An arms trade expert has said that it is “absolutely a problem” that parts made in a Brighton factory are for the type of jets used in the Israel and Palestine conflict.

Anna Stavrianakis, a Professor in international relations at the University of Sussex, said that there were “difficult conversations to have” about the manufacturing of parts in the city that are used on fighter jets.

The comments come after a factory in the city was the centre of a protest by pro-Palestinian activists.

Ms Stavrianakis, an arms trade expert, said: “Brighton is a city that prides itself on being progressive.

“As a concerned citizen I think it is absolutely a problem."


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“We know that Israel uses F-35 planes to bomb Gaza.

“I think there is a conversation that I would like us to have in the city about whether these types of skilled, technical jobs are worth doing. These are difficult conversations to have.”

Information shared with The Argus shows that L3Harris holds an export license to send bomb rack units and explosive munition release systems, made at their site in Home Farm Business Park, Moulsecoomb, to the United States.

These parts are then used to create the F-35 Lightning II fighter jets. The plane “relies on L3Harris’s distinct pneumatic release technology to safely and reliably launch highly explosive missiles and munitions”.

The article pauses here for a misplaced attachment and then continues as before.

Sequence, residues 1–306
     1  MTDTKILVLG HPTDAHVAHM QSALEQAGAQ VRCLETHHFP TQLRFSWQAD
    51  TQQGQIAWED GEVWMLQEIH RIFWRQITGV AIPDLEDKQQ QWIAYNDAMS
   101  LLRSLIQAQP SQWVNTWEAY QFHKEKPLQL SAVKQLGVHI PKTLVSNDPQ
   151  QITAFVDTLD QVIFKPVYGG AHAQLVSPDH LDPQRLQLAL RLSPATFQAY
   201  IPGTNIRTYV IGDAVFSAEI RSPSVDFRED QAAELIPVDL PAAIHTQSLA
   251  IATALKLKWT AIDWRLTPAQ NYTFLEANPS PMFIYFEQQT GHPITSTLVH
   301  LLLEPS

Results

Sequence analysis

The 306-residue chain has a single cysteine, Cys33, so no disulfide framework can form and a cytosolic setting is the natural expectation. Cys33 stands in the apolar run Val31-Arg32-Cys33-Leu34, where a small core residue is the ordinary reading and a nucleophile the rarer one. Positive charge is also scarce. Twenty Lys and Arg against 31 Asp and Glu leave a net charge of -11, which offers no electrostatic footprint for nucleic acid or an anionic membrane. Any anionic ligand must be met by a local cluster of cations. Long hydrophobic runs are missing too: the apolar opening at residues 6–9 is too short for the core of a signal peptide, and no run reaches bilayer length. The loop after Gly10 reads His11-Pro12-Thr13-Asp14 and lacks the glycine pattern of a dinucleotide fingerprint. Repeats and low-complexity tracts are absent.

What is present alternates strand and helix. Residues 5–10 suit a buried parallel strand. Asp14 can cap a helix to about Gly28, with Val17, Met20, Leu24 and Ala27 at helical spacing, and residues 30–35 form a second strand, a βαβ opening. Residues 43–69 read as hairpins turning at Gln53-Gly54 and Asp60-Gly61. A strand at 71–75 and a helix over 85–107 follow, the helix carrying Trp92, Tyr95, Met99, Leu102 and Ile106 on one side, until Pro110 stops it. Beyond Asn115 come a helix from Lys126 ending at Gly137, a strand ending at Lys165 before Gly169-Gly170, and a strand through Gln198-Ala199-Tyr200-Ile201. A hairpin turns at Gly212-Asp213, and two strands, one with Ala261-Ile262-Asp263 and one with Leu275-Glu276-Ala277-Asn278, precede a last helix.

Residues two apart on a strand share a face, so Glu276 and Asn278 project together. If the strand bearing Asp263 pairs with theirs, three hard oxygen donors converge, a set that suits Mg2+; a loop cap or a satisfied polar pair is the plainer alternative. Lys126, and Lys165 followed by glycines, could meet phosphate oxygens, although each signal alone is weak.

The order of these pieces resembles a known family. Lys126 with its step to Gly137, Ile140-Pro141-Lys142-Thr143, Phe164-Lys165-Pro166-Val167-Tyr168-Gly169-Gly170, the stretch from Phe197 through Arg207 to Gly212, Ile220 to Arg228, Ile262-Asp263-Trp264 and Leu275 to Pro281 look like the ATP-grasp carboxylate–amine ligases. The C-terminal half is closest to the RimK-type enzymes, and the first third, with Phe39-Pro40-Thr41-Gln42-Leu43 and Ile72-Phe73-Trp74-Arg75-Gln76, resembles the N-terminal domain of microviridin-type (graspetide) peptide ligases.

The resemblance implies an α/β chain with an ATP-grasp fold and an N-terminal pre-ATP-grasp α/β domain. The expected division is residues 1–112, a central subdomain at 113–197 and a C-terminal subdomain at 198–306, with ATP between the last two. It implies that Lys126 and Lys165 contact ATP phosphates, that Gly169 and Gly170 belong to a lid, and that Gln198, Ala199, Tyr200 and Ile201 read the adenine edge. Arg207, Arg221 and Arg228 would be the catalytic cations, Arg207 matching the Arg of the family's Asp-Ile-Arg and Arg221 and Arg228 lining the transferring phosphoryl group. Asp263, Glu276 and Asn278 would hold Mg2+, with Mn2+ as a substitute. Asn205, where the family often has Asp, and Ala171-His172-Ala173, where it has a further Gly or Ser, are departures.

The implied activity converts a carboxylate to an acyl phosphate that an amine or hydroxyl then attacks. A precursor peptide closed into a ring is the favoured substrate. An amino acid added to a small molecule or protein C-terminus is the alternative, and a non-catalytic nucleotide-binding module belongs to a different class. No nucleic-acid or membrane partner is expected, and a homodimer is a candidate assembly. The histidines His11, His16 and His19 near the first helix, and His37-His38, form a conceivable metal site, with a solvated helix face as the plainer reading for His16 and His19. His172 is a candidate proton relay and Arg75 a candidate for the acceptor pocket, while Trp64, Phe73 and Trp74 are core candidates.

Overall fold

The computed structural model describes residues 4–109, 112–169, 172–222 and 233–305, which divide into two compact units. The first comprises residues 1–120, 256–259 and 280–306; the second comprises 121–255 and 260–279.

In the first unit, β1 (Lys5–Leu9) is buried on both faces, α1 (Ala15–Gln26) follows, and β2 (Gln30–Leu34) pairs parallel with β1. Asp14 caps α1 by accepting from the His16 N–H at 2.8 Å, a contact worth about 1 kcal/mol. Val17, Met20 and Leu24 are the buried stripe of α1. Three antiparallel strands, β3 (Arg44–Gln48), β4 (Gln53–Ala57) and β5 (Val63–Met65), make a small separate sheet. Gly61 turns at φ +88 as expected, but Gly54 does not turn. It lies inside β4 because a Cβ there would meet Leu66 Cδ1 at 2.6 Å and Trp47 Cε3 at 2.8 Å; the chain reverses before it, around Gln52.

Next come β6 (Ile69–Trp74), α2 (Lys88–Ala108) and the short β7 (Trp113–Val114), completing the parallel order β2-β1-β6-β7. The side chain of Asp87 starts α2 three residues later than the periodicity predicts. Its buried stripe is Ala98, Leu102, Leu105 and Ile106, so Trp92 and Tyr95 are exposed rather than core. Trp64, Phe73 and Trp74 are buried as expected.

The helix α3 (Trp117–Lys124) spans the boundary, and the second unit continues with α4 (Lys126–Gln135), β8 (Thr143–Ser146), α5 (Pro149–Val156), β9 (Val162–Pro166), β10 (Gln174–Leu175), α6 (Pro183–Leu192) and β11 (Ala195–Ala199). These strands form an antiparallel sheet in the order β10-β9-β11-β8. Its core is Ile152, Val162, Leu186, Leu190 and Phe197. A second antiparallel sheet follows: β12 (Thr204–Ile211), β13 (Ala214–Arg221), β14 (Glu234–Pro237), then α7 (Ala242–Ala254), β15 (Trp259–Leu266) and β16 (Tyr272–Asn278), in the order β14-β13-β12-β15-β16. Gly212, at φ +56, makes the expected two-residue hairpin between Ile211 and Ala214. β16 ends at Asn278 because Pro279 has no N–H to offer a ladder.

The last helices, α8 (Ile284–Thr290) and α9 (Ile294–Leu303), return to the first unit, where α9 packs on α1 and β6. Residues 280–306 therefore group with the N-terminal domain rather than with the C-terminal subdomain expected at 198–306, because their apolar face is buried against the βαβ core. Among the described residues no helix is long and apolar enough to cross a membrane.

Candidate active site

F-35 manufacturer Lockheed Martin then say that their jets were sold to Israel through the U.S. Government’s Foreign Military Sales process from 2010.

Subcontracts from Lockheed Martin to L3Harris Release and Integrated Solutions dating back to October 2020 have been shown to be worth nearly $4.5 million.

Social media posts from the Israeli Defence Force suggest that F-35 planes are among those being used in Gaza.

Pro-Palestinian protesters stood outside the Moulsecoomb factory last week with banners calling for a ceasefire and “no bombs from Brighton”.

Other protests were also held across the country.

L3Harris were approached for comment.